When a mob attacked a girl in Brooklyn, the parents of the perpetrators were mortified to see that their sons had participated. They turned their sons in. Members of the community were horrified to see the behavior, flashed on television screens across the nation: a dozen teenaged boys beating a defenseless girl.

True, some media outlets tried to figure out what the girl had done to deserve it, but, in truth, there is no excuse for appalling behavior. 

The New York Post editorialized:

Last week’s brutal mob attack in Brooklyn on a 15-year-old girl should horrify New Yorkers. The good news? It did.

Residents in Crown Heights, where the shocking caught-on-camera beating took place, are reacting just the right way: Parents of five of the teens involved forced their kids to turn themselves in. Neighbors are decrying the savagery.

Cops are treating the case with the utmost seriousness, pursuing every last perp. As of Sunday, they’d nabbed seven more teens, and are hunting for still others.

The welcome reaction comes after the girl was set upon by a dozen-plus teens who beat, kicked and jumped on her and stole her sneakers, phone and debit card.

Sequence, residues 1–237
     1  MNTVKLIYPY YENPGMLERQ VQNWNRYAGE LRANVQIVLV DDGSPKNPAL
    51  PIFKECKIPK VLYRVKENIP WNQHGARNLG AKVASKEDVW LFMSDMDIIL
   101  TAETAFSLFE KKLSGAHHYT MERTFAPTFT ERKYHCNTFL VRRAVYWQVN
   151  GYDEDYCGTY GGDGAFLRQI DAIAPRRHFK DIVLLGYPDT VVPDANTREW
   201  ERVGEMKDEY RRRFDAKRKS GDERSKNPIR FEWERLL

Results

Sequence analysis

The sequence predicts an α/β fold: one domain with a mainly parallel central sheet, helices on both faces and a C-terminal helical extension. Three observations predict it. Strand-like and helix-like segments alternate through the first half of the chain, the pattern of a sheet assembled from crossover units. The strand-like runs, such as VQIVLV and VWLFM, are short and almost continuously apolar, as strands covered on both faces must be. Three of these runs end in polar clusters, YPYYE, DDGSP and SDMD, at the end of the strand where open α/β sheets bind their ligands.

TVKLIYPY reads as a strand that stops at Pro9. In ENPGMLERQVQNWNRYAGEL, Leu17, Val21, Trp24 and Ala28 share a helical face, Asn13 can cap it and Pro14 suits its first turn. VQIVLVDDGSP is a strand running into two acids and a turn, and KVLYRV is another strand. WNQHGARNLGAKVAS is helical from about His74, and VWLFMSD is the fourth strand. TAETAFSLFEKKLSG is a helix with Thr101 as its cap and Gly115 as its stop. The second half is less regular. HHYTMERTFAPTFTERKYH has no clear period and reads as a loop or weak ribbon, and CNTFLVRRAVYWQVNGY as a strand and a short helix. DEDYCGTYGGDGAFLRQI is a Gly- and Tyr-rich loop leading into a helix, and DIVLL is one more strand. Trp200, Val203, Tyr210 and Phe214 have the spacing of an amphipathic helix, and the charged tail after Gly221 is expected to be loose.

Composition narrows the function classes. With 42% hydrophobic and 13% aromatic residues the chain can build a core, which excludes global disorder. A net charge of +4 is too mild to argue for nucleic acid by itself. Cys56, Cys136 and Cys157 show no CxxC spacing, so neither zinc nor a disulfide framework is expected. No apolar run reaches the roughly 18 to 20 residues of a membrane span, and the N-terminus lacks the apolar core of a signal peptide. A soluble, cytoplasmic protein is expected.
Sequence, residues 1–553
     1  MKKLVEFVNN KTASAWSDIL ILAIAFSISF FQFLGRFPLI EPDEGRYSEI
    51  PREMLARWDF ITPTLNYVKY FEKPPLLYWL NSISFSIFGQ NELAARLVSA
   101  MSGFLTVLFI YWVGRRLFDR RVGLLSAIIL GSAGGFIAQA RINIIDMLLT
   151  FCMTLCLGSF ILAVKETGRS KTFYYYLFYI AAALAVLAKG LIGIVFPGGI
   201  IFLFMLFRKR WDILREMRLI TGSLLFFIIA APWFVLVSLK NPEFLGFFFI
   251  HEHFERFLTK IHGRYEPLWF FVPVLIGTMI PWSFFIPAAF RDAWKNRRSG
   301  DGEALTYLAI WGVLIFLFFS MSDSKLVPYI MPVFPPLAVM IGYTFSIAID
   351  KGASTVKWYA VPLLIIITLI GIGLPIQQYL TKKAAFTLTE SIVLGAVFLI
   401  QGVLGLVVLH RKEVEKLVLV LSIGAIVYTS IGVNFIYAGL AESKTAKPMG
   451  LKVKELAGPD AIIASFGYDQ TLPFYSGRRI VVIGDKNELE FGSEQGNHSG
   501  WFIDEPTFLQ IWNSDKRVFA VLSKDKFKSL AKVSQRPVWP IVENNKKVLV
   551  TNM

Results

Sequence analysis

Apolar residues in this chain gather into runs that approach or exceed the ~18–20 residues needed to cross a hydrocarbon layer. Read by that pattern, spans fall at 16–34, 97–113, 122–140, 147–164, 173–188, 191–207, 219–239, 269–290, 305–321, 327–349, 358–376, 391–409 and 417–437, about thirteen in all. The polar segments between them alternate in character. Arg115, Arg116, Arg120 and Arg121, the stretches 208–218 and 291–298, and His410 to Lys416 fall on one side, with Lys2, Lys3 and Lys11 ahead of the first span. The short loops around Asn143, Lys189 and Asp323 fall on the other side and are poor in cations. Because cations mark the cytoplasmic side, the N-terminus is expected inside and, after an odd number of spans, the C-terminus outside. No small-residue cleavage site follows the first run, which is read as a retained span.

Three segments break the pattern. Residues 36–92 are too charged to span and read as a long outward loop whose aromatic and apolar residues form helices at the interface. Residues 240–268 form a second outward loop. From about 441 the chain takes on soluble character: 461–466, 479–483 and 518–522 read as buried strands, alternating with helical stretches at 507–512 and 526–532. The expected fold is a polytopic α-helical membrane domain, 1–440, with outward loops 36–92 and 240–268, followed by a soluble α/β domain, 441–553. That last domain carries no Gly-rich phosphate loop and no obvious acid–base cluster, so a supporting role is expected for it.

On seeing footage of the beating, one mom realized, “That’s my kid.” She says she “wanted to kill him with my bare hands” — but settled for having him surrender.

“I’m angry and very disappointed in him. I did not teach him to act like an animal,” admits Donna Howell. Her “heart breaks for the victim’s family.”

Community activist Tony Herbert, the girl’s uncle, also had wise advice: “I’m not a proponent of our young people being in jail, but they have to atone for the criminality.”

Adds the girl’s aunt: “Young black people are dying every day.”

The community’s sentiments are encouraging, especially given how activists and pols have focused almost exclusively on protecting suspects and criminals.

Even better news: The 15-year-old, who suffered head trauma, is out of the hospital. Her grandma says she’ll “be all right” eventually. Thank goodness.

Ugly and shocking as the video was, the rest of the story has proved far better.

It’s surely a step in the right direction. 


UbuMaccabee said...